Also what type of fuse holder are you using? I'm only familiar with the little inline holders that you crimp into the conductor, or the big fuse holders designed for bolted connections.
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Old 09-04-2016, 10:36 AM   #89
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Wes k,recognized by whom?Please elaborate.While I totally agree with your other points to the original poster,I don't quite understand your insistence on this point.I have been a member here for ten years,obviousely much more of a lurker than a poster,by design.I joined this forum to learn from people that have much more experience in the marine field in certain aspects than I do.I only contribute when I feel I have something to give back to this wonderfull site that has taught me so much.Not quite sure what your direct experience in the electrical field is/was,but I just retired after 45 years in the industry,have a masters license in two states,and spent 15 years in the commercial marine industry.So I felt that maybe I am slightly qualified to help out this poster,are you?I would never try to correct a professional in his direct industry such as trying to tell psneeld how to tow a boat,or dhays in the optical field.If you have something that you can professionally bring to the table in this subject,than please do so,but you just seem to be trying to argue a point you have no expertise in.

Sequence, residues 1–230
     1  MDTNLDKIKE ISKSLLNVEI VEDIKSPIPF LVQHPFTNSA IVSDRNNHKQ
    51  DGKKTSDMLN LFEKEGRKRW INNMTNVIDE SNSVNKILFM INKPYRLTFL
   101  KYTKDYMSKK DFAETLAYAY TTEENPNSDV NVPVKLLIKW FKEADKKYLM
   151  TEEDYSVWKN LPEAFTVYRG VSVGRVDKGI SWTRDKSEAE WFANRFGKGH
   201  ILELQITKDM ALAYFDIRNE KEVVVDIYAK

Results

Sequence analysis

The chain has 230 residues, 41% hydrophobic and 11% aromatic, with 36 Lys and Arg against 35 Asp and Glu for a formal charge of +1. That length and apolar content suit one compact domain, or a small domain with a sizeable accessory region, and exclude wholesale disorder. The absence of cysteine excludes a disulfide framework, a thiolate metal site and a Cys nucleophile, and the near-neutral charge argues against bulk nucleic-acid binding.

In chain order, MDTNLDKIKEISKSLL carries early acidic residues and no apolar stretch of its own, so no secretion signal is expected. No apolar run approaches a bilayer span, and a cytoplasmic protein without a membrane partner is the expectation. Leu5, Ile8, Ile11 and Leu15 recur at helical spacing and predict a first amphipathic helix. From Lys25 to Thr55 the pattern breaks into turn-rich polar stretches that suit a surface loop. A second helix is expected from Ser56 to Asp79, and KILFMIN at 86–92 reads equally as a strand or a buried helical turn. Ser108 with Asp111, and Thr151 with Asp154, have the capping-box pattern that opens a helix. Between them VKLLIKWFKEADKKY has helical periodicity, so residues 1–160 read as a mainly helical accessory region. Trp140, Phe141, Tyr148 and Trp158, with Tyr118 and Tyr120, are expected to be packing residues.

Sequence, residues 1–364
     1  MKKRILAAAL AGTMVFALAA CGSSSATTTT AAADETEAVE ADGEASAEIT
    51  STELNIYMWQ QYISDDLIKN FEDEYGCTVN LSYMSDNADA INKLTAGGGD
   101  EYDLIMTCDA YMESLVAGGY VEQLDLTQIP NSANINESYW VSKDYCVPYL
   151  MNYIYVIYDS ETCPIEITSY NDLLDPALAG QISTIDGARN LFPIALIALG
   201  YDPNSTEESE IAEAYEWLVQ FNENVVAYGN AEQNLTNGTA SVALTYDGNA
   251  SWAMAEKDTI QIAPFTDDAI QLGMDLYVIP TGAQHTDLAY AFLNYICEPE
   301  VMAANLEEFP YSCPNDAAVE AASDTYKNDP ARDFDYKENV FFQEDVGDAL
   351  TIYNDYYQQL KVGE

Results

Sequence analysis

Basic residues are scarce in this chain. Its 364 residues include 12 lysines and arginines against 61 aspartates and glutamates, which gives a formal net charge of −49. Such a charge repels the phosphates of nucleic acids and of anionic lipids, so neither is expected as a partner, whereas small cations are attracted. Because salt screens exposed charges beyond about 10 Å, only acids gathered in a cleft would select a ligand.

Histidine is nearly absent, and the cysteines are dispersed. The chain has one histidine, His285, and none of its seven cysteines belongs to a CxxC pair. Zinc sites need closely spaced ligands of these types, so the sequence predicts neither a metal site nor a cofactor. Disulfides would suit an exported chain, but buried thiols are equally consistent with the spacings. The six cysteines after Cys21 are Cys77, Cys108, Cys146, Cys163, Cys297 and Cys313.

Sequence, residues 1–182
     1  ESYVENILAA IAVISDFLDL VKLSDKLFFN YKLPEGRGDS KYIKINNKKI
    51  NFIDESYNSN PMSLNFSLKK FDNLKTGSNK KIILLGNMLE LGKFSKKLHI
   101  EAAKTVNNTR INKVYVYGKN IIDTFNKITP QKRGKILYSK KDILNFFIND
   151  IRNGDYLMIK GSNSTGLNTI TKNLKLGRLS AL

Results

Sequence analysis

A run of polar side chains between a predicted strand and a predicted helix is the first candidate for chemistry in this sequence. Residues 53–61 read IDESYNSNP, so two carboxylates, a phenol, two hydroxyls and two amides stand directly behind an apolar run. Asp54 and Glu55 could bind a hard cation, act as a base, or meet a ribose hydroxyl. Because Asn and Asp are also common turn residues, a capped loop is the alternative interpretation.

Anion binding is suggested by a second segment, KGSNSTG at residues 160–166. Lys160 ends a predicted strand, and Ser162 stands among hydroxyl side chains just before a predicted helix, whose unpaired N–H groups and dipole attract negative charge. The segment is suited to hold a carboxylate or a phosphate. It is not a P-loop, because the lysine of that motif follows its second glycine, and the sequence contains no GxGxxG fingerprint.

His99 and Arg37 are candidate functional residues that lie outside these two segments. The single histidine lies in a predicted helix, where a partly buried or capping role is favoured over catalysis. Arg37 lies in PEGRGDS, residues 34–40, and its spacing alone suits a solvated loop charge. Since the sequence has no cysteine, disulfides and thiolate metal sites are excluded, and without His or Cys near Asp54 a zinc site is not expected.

Electronic technician was my career.


Dielectric grease is "recognized" by Marinco, one of the largest manufacturers of shore power equipment.
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Old 09-04-2016, 10:44 AM   #90
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WesK I do not understand how the copper paste will increase the chance of arcing. Please explain.
Unlike with battery terminals, you will be plugging and unplugging the shore power plug. As you do this, you will pull the paste out of the socket and spread it on the insulating surface between the pins. You now have a conductive material spread over the insulating surface and an increase chance of arcing.

This may or may not happen but choose a product that's not the most appropriate for the task?

You can use enough dielectric grease to seal the connection and any excess posed no risk of problems. Not so with a conductive substance.

Copper paste would be fine for permanent connections such as battery cables and electrical connections to panels and switches on the boat.

Each product has its best use. Use each where appropriate.